In consideration with above fact, the verdict of the Jury was that the deceased came to his death from blows inflicted by George Holden.

George made his escape immediately after giving the blow, and is still at large. George is a slave, and belongs to Mr. Thos. Holden, of this town. White was a free boy, and is said came from Kittrell’s Springs. It may not be improper to say that there was an old grudge between the two boys, which led to the fight on Saturday night. – Daily Journal, 26th inst.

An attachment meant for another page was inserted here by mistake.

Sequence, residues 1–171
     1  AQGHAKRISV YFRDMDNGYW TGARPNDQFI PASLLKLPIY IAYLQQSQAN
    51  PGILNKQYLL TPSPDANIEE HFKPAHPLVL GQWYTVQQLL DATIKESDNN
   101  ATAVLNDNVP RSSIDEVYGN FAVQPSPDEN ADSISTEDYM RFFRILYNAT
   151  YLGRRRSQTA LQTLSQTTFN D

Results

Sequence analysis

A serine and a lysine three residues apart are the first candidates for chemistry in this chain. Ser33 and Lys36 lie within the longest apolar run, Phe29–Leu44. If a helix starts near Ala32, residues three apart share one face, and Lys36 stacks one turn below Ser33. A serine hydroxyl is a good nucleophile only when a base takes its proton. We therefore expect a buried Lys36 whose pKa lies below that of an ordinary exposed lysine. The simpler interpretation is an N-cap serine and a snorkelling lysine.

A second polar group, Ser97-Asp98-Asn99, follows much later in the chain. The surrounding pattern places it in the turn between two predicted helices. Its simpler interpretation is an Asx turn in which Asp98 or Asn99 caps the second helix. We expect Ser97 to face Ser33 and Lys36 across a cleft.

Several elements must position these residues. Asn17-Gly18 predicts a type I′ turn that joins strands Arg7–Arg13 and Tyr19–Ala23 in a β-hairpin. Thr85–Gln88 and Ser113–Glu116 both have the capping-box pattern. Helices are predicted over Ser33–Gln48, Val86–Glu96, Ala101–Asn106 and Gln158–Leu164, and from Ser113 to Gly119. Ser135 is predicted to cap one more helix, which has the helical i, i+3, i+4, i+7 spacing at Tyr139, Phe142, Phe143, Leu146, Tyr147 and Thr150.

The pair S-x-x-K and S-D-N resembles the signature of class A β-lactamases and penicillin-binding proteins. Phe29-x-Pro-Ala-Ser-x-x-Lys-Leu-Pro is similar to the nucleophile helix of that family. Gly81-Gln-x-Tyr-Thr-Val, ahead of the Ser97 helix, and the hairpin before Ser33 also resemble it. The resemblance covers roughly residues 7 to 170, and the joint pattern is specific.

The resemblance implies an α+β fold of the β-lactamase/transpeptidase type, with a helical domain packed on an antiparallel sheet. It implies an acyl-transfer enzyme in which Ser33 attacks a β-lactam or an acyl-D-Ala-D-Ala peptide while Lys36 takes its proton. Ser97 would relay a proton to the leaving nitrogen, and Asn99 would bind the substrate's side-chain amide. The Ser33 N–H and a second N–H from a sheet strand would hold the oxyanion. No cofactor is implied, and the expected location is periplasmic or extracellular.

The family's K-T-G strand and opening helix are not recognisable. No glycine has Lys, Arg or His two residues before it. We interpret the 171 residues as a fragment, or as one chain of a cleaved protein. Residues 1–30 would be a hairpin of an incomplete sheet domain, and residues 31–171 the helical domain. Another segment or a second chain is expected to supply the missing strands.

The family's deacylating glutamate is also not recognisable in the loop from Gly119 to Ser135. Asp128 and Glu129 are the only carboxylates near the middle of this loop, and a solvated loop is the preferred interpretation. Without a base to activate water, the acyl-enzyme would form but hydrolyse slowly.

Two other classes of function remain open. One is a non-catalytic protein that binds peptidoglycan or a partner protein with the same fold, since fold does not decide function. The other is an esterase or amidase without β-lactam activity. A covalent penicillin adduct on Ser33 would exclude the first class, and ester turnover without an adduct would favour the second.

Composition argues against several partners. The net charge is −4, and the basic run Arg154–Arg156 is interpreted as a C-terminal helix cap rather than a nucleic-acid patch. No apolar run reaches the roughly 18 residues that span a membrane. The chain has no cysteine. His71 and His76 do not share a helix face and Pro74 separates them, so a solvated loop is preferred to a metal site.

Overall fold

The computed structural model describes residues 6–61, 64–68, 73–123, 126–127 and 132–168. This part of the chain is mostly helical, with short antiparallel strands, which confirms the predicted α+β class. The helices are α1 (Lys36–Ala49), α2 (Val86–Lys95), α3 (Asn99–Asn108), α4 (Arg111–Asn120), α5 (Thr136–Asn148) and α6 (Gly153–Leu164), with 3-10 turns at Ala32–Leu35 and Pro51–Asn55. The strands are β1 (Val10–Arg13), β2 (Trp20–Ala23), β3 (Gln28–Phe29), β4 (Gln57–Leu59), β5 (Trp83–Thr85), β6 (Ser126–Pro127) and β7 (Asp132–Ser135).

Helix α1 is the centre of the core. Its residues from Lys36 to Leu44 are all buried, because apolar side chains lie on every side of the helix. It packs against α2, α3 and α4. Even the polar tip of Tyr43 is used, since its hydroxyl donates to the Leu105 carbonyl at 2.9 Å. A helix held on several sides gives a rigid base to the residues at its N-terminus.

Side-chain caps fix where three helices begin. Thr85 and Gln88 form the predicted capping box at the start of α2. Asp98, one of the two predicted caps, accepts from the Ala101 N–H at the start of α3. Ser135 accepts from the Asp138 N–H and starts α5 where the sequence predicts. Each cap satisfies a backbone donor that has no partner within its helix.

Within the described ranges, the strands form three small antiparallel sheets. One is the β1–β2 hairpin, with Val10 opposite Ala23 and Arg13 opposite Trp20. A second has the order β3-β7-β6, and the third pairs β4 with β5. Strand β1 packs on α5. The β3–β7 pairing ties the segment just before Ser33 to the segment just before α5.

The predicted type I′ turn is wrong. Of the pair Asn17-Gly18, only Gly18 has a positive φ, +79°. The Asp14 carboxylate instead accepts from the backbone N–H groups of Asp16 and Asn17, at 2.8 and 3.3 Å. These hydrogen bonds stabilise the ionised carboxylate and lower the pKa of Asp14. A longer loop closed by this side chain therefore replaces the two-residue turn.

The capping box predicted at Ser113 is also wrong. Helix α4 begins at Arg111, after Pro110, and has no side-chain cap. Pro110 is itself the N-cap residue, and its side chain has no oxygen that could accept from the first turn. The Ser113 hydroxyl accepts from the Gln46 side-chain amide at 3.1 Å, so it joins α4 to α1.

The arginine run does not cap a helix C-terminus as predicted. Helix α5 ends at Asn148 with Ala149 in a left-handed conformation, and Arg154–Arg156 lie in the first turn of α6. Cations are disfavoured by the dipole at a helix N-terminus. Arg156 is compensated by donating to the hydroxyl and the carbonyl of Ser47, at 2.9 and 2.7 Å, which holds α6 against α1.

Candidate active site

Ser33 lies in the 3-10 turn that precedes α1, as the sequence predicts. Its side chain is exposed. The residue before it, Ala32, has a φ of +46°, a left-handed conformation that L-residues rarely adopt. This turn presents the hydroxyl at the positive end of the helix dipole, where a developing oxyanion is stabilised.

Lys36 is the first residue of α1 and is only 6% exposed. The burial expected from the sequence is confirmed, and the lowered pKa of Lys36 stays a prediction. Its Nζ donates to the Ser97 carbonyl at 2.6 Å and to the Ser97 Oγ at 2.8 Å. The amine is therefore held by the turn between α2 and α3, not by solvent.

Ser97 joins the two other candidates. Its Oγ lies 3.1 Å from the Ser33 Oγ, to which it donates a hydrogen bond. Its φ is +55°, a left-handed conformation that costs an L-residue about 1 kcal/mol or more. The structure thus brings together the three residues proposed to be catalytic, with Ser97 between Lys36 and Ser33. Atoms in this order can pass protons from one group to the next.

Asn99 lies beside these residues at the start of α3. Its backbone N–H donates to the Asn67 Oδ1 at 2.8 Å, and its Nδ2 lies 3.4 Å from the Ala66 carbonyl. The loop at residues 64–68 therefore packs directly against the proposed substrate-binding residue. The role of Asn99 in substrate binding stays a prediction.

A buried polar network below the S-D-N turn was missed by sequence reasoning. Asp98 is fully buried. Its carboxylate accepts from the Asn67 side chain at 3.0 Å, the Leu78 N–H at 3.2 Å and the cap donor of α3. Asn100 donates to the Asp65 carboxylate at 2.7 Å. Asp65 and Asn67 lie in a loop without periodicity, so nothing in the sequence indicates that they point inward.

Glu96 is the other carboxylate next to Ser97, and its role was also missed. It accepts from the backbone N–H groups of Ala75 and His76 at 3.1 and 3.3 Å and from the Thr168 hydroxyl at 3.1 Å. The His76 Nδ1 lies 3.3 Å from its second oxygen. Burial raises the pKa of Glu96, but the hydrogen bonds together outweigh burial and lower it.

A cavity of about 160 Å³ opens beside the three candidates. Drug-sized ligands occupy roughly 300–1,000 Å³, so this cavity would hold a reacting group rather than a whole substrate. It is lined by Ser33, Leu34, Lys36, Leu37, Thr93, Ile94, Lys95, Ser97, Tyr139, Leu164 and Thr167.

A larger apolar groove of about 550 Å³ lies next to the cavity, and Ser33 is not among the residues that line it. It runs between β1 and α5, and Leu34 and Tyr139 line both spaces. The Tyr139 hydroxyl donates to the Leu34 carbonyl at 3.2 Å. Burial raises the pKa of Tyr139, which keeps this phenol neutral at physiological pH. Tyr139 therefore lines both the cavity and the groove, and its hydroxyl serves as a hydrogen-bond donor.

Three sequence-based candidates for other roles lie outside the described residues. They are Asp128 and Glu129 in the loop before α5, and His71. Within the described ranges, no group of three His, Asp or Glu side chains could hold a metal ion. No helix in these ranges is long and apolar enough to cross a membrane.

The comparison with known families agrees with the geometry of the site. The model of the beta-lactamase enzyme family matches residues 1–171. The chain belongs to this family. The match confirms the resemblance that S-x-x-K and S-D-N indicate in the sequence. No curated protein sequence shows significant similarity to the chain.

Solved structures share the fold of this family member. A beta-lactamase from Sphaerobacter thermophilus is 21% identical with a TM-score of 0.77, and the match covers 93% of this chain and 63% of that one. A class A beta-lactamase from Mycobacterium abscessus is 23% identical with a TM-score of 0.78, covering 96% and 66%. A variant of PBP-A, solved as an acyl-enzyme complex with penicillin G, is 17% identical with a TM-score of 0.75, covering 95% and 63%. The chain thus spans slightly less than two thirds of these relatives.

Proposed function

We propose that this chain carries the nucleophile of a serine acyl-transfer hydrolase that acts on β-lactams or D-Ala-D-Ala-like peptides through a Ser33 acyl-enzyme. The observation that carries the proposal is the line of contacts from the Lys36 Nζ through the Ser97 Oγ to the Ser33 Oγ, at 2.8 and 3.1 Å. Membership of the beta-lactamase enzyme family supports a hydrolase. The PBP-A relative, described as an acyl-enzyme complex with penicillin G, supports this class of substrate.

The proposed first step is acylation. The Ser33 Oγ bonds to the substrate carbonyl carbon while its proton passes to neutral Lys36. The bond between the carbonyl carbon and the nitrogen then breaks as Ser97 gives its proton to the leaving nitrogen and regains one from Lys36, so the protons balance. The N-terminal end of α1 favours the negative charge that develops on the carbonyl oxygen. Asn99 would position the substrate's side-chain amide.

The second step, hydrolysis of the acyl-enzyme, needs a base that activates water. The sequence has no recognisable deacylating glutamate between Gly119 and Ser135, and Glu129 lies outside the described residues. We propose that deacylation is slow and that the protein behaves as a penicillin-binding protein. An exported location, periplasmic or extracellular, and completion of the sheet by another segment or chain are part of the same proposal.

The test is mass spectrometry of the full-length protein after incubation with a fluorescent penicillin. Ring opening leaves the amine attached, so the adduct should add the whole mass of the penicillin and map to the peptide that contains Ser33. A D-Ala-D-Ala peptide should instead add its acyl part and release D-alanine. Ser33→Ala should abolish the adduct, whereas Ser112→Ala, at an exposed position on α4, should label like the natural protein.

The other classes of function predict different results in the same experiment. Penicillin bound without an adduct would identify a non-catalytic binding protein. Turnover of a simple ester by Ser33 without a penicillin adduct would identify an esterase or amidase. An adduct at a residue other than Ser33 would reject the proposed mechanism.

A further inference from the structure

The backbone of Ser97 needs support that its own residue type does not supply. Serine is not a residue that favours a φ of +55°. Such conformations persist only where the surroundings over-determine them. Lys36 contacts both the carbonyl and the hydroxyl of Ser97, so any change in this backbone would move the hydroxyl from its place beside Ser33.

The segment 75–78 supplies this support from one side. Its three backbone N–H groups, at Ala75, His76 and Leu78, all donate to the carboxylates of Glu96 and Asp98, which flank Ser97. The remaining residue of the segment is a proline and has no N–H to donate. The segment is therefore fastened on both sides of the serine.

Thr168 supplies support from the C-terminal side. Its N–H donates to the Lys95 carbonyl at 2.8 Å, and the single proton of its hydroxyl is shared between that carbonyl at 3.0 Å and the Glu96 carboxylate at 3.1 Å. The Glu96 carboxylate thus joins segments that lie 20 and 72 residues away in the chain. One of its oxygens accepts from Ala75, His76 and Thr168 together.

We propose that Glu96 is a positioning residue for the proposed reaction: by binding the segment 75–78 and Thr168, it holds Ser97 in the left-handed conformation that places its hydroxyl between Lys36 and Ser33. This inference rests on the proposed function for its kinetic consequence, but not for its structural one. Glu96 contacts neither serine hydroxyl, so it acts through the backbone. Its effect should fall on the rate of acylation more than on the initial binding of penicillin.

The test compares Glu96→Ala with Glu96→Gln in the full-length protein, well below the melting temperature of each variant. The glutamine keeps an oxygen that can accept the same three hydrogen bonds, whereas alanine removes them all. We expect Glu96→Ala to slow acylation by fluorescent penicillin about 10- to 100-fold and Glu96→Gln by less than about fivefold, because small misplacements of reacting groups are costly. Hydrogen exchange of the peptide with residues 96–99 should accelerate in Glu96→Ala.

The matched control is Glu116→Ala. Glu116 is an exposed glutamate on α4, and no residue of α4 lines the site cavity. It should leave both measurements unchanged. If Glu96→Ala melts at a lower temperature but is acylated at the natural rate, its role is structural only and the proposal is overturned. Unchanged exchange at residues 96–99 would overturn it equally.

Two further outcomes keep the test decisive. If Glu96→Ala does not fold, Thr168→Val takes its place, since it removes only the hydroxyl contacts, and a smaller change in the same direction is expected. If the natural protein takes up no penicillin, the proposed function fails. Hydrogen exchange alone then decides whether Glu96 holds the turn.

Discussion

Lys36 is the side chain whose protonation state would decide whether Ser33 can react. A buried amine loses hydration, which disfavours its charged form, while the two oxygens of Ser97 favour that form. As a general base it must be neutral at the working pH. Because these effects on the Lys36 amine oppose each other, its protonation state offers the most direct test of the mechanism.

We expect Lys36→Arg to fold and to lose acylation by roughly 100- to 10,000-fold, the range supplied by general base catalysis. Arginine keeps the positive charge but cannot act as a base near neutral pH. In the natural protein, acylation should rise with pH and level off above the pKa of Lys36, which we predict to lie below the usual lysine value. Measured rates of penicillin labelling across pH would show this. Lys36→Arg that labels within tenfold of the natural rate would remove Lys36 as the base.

North Carolina Argus (Wadesboro), 29 October 1863.

Not guilty.

New Hanover Superior Court. – Last week the Spring term of the Superior Court for this county was held in this town – his Honor Judge Dick, presided. The only case which created any public interest, was the trial of John Martin (a free Mulatto) and Menus Stow (a Slave,) for the murder of Edward Kinsley, in December last. This case occupied the attention of the Court from Thursday morning till Friday afternoon about 5 o’clock. The Jury, after retiring for about half an hour, returned a verdict of “not guilty,” whereupon the prisoners were set at liberty.

Wilmington Journal, 1 May 1846.

With the intention of holding her as a slave.